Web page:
The New Horizons spacecraft looked back to a crescent Pluto, after sweeping past this world in July, 2015. The sun is behind Pluto in this image. New Horizons acquired the view using the Multispectral Visible Imaging Camera (MVIC) onboard.
Here, Pluto’s ice mountains Norgay Montes and Hillary Montes can be seen rising as high as approximately 11,000 feet (3,500 meters) above Pluto’s surface. The so-called Sputnik Planum within the Tombaugh Regio stretches to the horizon on the right.
The frigid, very thin, cold atmosphere is seen with layers of haze. The average surface temperature of Pluto is minus 367 Fahrenheit (minus 232 Celsius). If our own Earth cooled to the same temperatures, our oceans would freeze almost all the way down and our atmosphere would collapse and freeze into a layer of frozen gasses 35 feet (11 meters) thick.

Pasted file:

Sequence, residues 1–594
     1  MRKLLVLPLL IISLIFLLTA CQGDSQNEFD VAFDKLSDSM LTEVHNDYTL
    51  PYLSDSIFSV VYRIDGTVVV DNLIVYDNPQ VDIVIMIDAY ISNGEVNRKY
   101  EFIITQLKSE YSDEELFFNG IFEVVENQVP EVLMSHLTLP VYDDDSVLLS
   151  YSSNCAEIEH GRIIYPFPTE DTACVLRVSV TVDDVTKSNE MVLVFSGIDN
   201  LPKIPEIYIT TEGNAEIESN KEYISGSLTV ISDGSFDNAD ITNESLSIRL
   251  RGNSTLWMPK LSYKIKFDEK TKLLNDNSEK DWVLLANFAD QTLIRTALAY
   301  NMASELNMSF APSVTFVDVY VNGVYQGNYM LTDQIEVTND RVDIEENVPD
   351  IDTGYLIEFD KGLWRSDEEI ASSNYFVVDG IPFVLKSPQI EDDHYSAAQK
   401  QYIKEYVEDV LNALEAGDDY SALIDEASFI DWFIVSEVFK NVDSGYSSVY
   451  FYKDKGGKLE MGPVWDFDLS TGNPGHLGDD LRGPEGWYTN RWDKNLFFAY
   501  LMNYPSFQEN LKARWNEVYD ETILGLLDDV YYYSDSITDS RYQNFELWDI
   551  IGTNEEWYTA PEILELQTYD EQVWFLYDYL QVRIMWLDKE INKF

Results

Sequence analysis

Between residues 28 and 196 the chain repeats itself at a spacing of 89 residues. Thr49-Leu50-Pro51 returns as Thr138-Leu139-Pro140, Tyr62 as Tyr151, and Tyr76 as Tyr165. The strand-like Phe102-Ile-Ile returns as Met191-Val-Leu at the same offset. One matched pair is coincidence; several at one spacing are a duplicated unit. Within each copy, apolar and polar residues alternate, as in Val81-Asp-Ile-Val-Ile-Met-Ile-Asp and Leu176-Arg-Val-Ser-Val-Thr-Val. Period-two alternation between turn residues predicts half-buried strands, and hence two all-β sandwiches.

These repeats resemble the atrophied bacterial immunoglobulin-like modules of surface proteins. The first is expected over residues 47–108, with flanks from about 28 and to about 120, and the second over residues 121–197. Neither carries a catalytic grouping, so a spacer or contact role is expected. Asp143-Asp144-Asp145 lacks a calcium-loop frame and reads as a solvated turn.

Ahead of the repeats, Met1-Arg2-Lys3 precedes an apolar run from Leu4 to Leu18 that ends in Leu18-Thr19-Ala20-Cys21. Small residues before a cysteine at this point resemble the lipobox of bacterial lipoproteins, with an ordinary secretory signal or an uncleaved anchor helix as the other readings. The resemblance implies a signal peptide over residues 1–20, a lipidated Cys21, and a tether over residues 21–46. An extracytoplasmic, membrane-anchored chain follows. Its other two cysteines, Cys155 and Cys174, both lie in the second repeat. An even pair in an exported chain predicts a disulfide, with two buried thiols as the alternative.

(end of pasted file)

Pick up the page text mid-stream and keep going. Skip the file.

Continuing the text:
Bottom line: As New Horizons sped past in July, it looked back to a crescent Pluto.
Andrew R. Brown, an avid follower of the space program, writes frequently about space topics for EarthSky. Over several years, he has also suggested observations that were carried out by imaging teams of some space missions. He has lives in Ashford, Kent, United Kingdom and works for local government, Kent County Council.